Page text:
Importance of Incubator Temperature and Humidity for Chicken Eggs
Believe it or not, incubation isn’t just an invention of the modern era. Historical records show that incubation of eggs was practiced in Ancient Egypt. Mud brick buildings, divided into chambers that were basically large ovens, were heated by burning straw, dung or charcoal. Temperature and ventilation were regulated by opening doors and vents to let smoke out and light in. Humidity was provided by moistened jute placed near and over the eggs. There must have been a lot of guesswork and trial and error involved in a successful hatch, and success rates were hopefully high enough to make the effort worthwhile.
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Effortless Modern Incubators
Fortunately, modern incubators take much of the guesswork out of incubation, maintaining consistent temperature and humidity pretty effortlessly, with a little good management. Even the simplest incubators have thermostats, and reservoirs for water. More complex incubator systems have sensors that can register humidity levels and add water accordingly.
We all know that temperature and humidity are critical for a successful incubation and hatch. But did you know that long before that egg you are about to put into your incubator becomes a fluffy, feathered chick, it is still a living, breathing organism?
Pores in the shell allow for the exchange of gases as the embryo develops, and also for the exchange of moisture between the embryo and the air in the incubator itself.
Evaporation is the process by which water changes from a liquid to a gas. Moisture will move from an area of higher concentration, such as the contents of the egg, to an area of lesser concentration, the air surrounding it. Higher temperatures increase the rate at which evaporation occurs. So the comparatively high temperatures in the incubator are a perfect place for evaporation to occur. This is why keeping humidity at the proper level during incubation is so critical, no matter what type of incubator you are using.
The volume of water lost in the egg via evaporation is replaced by air. When the humidity is too high, not enough water can leave the egg. This results in a small air cell (the pocket of air in the large end of the egg). When a chick begins to hatch, he breaks, or ‘internally pips’ through the membranes surrounding him into that air cell, and takes his first real breath there. If the air cell is too small the chick is often unable to pip internally and cannot complete the hatch process. If humidity is too low and too much moisture leaves the egg, this can result in an overly large air cell, and chicks that are weak and adhered to the shell. These chicks often do not survive hatching, and even if they do, they often die shortly after.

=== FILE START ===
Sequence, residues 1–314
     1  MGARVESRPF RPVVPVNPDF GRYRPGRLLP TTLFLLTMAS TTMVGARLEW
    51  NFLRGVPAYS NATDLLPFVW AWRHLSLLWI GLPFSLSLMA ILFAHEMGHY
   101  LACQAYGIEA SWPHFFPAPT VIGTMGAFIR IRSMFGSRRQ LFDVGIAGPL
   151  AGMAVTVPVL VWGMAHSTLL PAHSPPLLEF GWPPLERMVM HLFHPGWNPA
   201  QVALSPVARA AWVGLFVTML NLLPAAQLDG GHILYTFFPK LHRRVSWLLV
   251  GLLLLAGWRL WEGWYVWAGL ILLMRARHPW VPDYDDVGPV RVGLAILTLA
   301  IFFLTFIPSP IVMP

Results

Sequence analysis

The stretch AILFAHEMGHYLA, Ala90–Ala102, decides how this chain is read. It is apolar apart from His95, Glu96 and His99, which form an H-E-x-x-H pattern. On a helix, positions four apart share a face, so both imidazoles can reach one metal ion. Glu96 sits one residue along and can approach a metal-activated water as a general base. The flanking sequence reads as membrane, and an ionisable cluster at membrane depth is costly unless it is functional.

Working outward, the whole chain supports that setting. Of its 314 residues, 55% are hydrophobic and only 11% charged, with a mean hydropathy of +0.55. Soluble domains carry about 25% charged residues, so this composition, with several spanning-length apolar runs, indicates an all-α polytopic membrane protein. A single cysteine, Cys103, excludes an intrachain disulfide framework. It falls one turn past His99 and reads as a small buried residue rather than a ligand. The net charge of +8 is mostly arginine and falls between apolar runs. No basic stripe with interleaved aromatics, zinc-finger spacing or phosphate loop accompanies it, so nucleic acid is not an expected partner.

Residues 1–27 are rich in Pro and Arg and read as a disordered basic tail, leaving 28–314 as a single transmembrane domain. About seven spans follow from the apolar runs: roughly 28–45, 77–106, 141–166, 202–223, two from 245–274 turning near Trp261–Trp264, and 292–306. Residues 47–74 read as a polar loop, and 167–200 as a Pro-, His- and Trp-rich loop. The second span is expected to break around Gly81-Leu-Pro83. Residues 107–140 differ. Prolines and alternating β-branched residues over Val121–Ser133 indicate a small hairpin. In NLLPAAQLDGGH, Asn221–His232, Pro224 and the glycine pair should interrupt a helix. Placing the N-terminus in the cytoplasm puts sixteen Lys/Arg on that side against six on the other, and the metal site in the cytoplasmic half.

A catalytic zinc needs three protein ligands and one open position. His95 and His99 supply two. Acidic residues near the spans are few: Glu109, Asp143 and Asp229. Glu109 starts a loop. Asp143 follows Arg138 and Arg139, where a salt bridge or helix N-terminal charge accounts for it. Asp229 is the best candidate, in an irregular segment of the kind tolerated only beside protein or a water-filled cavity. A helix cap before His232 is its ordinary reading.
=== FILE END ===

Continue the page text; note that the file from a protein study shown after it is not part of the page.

Keeping Eggs Clean
When the egg is laid, a protective cuticle is created around it. Immediately after being laid, the cuticle is moist, and if it comes in contact with dirt or other contaminants while still moist, those contaminants can be drawn into the egg. Therefore, keeping the nest box clean is of utmost importance when you know you are going to be incubating and hatching eggs. Gather eggs frequently to give fewer opportunities for damage to occur to the egg, and less exposure to bacteria and dirt.
Gently wipe off eggs if they are a little bit dirty. Don’t submerge them or soak them, but use a damp sponge or cloth. Remember that if you wash the eggs, you are also washing off their protective outer coating, making the shell more permeable. Use water that is warmer than the egg. If the egg is warmer, it will tend to contract as the water cools it which risks drawing contaminants in through the shell.
Use a solution that is specifically formulated for washing eggs, and then be sure to follow the directions exactly. Using too concentrated a solution can hurt the embryos if the solution is drawn into the egg.
Forced Air and Still Air Incubators
There are two basic types of incubator, forced air and still air. Either one can result in a successful hatch, as long as care is taken to make sure temperature and humidity are consistent. Both are very similar in function and design, with the exception that the forced air incubator has a fan that circulates air over the eggs. For best success, set the forced air incubator thermostat at 99 to 99.5 degrees Fahrenheit and 60% relative humidity. The fan will make sure temperature and humidity are consistent throughout the unit.
A still air incubator can be a little more challenging to manage temperature and humidity, but before the invention of the electronic circuitry and small fans available with a new incubator, countless eggs were successfully hatched in a still air incubator. Set the temperature of a still air incubator to 100-101 degrees F at the height of the eggs. Air will layer, or stratify in a still air incubator, so where the reading is taken is important. Set the humidity slightly higher, 60 to 65% relative humidity during incubation. Check the still air incubator often, eggs can overheat more easily in a still air incubator. Fortunately eggs can handle some variation from the ideal temperature, and tolerate slight underheating better than overheating for more than a few minutes, but the more constant environment you can provide, the better your hatch rate will be.
Hatching Begins in the Egg
The hatching process is one of the niftiest little miracles in the animal world. During the last days of incubation, the chick grows to fill up the entire egg, except for the air cell, the pocket of air at the large end of the egg. At this time, the chick begins to orient itself in the shell and prepare for hatching. Their head and beak are tucked under one wing, with their beak facing the air cell. At about day 19 of a 21-day incubation period, the chick’s head will thrust forward, breaking the membrane between them and the air cell, a process called the ‘internal pip’. The chick begins to take its first real breaths.